Castration of male livestock and the potential of immunocastration to improve animal welfare and production traits: Invited Review

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T. Needham, H. Lambrechts & L.C. Hoffman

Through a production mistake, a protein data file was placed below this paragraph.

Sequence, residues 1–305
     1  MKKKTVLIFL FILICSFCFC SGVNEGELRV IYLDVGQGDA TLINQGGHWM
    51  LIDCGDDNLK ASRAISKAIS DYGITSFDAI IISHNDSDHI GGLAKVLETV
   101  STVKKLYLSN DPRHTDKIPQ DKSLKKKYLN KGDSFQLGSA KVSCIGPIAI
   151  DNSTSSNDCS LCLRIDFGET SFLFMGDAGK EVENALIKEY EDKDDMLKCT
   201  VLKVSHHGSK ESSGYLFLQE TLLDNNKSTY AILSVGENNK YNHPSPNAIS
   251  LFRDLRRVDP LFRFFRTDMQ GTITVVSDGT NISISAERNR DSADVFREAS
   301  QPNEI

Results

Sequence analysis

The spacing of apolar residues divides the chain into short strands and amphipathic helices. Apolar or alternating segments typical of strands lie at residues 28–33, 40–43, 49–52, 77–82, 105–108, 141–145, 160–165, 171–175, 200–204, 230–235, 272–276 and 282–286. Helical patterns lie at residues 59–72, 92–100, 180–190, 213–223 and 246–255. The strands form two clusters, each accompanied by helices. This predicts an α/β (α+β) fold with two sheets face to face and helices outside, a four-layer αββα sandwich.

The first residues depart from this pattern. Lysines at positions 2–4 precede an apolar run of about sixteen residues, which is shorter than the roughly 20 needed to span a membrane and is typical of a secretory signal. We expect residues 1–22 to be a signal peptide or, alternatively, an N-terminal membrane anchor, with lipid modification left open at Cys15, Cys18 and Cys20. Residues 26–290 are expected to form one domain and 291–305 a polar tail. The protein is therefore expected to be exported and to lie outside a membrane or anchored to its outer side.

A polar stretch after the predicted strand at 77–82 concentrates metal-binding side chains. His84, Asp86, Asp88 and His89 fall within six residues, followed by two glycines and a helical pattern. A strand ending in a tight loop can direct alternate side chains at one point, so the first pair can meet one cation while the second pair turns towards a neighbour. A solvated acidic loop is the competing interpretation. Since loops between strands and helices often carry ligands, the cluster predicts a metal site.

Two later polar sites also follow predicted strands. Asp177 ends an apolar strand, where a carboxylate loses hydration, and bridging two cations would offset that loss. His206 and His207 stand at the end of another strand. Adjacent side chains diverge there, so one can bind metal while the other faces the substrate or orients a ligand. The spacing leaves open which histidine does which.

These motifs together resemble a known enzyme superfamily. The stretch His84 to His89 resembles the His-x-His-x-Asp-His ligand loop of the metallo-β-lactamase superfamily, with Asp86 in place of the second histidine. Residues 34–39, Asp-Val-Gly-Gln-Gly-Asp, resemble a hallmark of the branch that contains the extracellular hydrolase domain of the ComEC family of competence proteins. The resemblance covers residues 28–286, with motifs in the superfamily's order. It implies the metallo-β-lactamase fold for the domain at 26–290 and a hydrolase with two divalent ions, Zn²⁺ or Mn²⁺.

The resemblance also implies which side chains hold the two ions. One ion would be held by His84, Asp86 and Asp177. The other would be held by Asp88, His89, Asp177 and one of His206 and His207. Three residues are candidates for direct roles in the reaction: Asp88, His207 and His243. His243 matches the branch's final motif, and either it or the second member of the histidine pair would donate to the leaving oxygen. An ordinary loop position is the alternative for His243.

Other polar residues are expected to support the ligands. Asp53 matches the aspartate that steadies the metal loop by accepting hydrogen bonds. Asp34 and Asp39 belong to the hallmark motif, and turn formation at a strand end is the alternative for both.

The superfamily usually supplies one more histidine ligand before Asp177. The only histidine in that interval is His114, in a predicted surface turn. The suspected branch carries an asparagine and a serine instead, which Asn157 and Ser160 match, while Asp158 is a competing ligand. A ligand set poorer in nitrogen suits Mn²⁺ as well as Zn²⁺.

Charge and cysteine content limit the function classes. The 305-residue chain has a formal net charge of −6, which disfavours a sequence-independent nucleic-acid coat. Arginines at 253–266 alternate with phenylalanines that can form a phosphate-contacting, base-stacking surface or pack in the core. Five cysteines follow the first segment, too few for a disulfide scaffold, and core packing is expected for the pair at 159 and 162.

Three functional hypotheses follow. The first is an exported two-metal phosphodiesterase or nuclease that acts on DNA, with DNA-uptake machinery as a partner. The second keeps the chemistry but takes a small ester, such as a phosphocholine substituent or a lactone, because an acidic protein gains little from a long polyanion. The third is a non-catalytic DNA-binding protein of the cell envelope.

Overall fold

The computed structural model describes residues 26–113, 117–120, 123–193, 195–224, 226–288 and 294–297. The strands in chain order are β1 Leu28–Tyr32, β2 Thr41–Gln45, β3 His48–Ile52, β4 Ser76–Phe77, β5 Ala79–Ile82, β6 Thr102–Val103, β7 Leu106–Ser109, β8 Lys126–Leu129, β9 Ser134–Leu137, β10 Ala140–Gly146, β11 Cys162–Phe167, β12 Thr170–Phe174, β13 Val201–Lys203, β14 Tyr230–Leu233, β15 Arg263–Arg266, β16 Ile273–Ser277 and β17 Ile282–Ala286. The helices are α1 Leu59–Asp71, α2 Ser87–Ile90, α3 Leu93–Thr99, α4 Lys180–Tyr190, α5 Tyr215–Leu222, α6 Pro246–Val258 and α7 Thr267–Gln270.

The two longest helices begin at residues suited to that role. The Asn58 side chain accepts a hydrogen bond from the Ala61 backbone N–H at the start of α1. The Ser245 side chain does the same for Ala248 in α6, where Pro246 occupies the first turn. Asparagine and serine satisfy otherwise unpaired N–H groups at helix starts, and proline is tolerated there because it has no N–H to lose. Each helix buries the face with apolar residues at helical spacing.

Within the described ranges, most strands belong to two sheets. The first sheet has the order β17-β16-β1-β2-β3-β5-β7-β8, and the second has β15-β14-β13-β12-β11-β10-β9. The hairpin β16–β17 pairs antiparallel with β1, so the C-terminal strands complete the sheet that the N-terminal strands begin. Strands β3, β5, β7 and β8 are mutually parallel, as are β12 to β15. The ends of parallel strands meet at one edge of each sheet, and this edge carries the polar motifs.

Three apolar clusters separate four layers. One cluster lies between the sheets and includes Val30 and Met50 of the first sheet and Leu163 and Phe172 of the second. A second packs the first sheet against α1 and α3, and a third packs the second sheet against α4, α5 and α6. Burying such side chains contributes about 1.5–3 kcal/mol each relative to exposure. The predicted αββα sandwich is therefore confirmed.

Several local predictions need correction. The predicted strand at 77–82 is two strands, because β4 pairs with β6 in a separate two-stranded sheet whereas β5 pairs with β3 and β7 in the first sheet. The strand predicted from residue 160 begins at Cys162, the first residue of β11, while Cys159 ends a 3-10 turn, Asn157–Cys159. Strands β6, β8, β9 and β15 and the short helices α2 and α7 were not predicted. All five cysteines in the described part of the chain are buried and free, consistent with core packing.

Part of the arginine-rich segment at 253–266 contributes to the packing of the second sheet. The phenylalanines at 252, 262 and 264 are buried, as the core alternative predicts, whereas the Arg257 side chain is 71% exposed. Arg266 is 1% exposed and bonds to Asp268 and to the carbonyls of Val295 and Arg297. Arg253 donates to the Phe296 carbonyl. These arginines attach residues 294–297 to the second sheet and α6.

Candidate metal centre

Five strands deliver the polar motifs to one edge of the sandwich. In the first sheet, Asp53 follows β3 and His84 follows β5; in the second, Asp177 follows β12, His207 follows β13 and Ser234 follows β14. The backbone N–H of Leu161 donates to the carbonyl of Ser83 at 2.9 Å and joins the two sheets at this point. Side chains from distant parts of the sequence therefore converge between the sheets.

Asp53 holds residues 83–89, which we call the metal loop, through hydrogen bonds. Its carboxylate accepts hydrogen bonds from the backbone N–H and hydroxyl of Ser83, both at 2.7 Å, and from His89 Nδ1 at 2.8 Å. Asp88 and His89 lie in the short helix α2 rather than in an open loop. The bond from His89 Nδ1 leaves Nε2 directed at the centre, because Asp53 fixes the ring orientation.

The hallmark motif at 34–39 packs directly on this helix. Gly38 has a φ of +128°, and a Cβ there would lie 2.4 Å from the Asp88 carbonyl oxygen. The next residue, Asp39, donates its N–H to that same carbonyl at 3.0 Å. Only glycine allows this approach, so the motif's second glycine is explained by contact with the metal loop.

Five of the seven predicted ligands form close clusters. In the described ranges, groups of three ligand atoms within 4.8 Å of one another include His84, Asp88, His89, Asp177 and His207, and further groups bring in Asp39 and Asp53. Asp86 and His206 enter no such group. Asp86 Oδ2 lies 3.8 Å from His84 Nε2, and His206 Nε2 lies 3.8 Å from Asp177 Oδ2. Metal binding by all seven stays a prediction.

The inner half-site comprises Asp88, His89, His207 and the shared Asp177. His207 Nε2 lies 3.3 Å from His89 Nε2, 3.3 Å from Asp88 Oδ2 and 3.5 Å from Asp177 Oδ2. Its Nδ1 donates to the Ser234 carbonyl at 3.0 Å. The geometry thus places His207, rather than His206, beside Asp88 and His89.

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Growing consumer awareness about animal welfare has led to the assessment of the impact of common farming practices, such as physical castration, on animal well-being under production conditions. Physical castration is used in livestock industries to prevent indiscriminate breeding, control aggression, and improve meat and carcass quality. In terms of animal welfare, physical castration causes pain, decreased growth performance, infection, and mortality. An alternative approach to castration is thus warranted that will ensure optimal growth without compromising the castrated animal’s wellbeing. Immunocastration has proved to be an effective method of suppressing the development and functioning of the reproductive system in various domesticated and wildlife species. The effect of immunocastration on production performance is well-documented for both swine and cattle. Although ram lambs used for meat production are often physically castrated, information regarding the potential application of immunocastration in sheep is limited. However, immunocastration may potentially improve the welfare, performance, and meat quality of ram lambs used in commercial meat production systems. The purpose of this review is to compare the application and the effects of immunocastration on male livestock to highlight and motivate the need for further research into its use on ram lambs.

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